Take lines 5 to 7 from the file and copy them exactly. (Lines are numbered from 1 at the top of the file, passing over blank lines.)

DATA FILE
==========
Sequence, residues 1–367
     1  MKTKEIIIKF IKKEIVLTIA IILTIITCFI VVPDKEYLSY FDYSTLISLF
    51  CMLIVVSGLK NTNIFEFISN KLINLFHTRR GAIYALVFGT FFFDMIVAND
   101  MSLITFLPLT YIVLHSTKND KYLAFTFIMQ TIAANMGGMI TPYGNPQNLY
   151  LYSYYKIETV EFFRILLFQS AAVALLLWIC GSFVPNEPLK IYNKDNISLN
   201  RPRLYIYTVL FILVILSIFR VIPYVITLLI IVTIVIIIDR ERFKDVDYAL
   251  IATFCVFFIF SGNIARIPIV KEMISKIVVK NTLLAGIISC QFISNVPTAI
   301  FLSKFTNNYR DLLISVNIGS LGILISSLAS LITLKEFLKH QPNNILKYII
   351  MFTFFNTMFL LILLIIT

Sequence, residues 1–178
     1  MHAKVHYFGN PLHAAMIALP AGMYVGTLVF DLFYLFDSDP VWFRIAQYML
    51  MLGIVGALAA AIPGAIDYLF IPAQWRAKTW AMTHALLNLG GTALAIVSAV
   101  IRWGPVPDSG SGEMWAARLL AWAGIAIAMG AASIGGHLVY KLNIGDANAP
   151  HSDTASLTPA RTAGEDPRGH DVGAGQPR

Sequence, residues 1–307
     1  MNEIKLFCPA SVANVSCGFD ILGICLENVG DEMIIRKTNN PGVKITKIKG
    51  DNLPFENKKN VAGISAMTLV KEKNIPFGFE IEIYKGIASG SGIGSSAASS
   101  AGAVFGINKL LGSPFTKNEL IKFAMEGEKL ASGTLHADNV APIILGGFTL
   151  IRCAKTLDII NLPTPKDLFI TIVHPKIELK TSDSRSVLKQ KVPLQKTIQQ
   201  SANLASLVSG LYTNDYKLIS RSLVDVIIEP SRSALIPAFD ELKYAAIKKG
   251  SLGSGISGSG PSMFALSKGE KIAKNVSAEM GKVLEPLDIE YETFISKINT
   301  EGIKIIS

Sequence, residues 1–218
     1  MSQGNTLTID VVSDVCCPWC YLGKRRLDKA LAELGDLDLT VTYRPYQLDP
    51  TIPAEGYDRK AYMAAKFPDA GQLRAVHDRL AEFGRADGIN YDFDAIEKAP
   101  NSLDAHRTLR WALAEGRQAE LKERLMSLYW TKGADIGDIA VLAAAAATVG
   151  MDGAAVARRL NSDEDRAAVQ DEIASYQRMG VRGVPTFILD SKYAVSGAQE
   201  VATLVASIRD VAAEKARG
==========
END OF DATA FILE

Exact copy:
   151  LYSYYKIETV EFFRILLFQS AAVALLLWIC GSFVPNEPLK IYNKDNISLN
   201  RPRLYIYTVL FILVILSIFR VIPYVITLLI IVTIVIIIDR ERFKDVDYAL
   251  IATFCVFFIF SGNIARIPIV KEMISKIVVK NTLLAGIISC QFISNVPTAI